ROANOKE, Va. (WFXR) — The U.S. Attorney’s Office for the Western District of Virginia says a Roanoke man admitted Wednesday he was a member of the Rollin’ 30s Crips and pleaded guilty to murder in aid of racketeering and conspiracy charges for gang-related violence in the Star City.

Officials say Demonte Rashod Mack, 32, as well as his alleged co-conspirators — Trayvone Kasey, Chauncey Levesy, and others — were members and associates of the Rollin’ 30s Crips, which also called itself the “Dirt Gang.”

The Rollin’ 30s Crips are described as a national street gang that was founded in the Los Angeles area, with smaller sets in other cities throughout the United States.

The Roanoke set of the Rollin’ 30s operated primarily in the northwestern part of of the city and is centered in and around the Lansdowne neighborhood, according to a statement from the U.S. Attorney’s Office for the Western District of Virginia.

“This outcome is a great example of what happens when law enforcement has a successful partnership with the prosecutorial side of the justice system. Thanks to our partnerships with local, state, and federal law enforcement, Roanoke is a safer place. Our community is sending a strong message to those who choose to perpetuate gun violence and organized crime in our city: we will find you and do everything we can to hold you accountable for your actions.”

Roanoke City Police Chief Sam Roman

The statement says that Mack admitted on Wednesday, Nov. 24 that he, Kasey, Levesy, and others conspired to conduct a pattern of racketeering activity, including multiple threats of violent crime.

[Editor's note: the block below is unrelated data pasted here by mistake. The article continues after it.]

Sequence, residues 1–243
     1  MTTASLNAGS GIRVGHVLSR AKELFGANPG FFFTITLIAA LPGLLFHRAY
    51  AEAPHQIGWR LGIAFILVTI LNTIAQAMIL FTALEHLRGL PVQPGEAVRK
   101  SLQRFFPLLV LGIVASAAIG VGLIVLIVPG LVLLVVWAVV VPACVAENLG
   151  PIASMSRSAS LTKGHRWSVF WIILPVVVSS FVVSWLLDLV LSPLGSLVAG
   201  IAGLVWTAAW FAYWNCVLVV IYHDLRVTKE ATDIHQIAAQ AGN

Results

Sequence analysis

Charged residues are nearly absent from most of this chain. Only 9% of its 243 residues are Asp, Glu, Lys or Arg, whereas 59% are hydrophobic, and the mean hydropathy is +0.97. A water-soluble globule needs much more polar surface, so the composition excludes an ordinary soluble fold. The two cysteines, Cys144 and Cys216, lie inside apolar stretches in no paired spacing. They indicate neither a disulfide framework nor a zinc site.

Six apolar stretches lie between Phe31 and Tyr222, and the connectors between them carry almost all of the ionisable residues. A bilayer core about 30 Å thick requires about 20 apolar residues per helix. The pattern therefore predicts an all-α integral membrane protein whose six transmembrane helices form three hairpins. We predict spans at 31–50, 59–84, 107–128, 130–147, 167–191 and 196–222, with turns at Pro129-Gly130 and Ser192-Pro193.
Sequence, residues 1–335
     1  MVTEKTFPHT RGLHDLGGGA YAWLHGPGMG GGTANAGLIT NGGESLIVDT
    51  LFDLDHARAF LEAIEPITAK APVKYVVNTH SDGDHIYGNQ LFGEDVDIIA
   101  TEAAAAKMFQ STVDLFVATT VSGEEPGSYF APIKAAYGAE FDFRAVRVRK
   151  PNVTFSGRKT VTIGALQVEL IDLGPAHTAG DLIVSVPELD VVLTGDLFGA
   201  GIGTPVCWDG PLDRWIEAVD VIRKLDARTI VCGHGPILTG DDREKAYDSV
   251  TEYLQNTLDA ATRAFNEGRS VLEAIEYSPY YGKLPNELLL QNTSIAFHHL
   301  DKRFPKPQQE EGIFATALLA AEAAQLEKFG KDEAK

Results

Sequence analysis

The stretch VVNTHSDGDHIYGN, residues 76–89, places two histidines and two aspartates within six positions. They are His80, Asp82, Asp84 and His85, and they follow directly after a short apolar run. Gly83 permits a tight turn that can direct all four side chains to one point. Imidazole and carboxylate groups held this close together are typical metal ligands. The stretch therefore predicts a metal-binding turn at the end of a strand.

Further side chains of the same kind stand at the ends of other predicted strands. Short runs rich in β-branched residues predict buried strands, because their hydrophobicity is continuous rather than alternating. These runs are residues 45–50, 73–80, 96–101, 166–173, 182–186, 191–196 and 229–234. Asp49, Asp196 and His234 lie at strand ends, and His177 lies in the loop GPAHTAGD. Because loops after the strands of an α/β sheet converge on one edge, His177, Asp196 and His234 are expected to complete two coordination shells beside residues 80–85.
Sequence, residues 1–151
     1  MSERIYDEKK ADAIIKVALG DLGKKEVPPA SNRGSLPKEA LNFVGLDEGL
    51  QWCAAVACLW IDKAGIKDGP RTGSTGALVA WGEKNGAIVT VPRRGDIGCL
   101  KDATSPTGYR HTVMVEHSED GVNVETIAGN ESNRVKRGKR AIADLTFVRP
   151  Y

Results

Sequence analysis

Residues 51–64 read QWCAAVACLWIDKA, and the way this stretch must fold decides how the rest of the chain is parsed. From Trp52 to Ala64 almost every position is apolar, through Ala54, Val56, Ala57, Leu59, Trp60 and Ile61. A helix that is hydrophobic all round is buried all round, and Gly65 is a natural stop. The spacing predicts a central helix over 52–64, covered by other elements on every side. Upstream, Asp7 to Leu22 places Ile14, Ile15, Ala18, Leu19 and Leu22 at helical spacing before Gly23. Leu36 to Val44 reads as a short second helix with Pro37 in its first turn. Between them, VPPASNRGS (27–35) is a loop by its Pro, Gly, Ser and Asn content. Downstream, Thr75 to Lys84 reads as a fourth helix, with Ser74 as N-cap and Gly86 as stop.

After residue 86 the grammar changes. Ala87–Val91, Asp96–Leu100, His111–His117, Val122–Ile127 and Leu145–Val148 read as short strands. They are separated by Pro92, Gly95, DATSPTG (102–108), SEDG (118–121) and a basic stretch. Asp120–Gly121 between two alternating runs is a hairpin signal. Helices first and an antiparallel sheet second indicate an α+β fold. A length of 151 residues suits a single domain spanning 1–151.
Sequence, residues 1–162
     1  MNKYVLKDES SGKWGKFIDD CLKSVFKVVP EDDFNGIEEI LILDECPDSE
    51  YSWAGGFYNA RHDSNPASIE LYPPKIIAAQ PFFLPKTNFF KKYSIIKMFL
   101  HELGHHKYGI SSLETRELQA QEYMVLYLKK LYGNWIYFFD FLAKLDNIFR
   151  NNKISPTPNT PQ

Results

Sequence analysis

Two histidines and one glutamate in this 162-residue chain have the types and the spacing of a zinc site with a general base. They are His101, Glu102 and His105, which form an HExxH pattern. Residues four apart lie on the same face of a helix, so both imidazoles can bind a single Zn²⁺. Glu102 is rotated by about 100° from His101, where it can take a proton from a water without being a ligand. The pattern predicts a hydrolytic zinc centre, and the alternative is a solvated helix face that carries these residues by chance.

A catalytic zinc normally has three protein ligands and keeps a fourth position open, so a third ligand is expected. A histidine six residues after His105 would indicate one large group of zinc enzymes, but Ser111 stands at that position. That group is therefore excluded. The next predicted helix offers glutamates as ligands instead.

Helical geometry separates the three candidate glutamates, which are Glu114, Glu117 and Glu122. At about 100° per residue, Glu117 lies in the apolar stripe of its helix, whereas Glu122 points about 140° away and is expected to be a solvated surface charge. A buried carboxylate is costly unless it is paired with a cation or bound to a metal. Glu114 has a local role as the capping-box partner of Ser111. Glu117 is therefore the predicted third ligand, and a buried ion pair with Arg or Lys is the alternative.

Court documents specify that in June 2017, Mack conspired with Kasey, Levesy, and others to murder “Victim D.F.” The documents further allege that Mack and Kasey murdered “Victim N.L.” at the direction of a leader within the gang.

Officials say both D.F. and N.L. were members of the Rollin’ 30s gang, but fell out of favor with them in early summer of 2017.

The U.S. Attorney’s Office for the Western District of Virginia tells WFXR News that N.L. was killed at the age of 17, just a few weeks after he graduated from high school. He was still alive when officers found him at the apartment complex, but died shortly afterward.

After the shooting, Mack and Levesy reportedly met up with other Rollin’ 30s gang members and told the leaders of the gang everything that happened.

“Reducing violent crime through impactful prosecutions like that of the Rollin’ 30s is a priority of this United States Attorney’s Office. We will continue to partner with local, state, and federal law enforcement partners to ensure the cases we bring serve to make our communities safer.”

United States Attorney Christopher R. Kavanaugh

The Roanoke Police Department and the FBI’s Violent Crimes Task Force conducted the investigation, which was a coordinated effort that also involved law enforcement assets from Virginia State Police; the Roanoke County Police Department; the Bureau of Alcohol, Tobacco, Firearms and Explosives (ATF); and the Drug Enforcement Administration (DEA).

According to officials, this prosecution is part of the joint federal, state and local Project Safe Neighborhoods (PSN) Program. Through the program, a broad spectrum of stakeholders works together to identify the most pressing violent crime problems in the community and develops comprehensive solutions to address them. As part of this strategy, PSN focuses enforcement efforts on the most violent offenders, and partners with locally-based prevention and reentry programs for lasting reductions in crime.

For breaking news delivered to you, subscribe to WFXR’s breaking news email list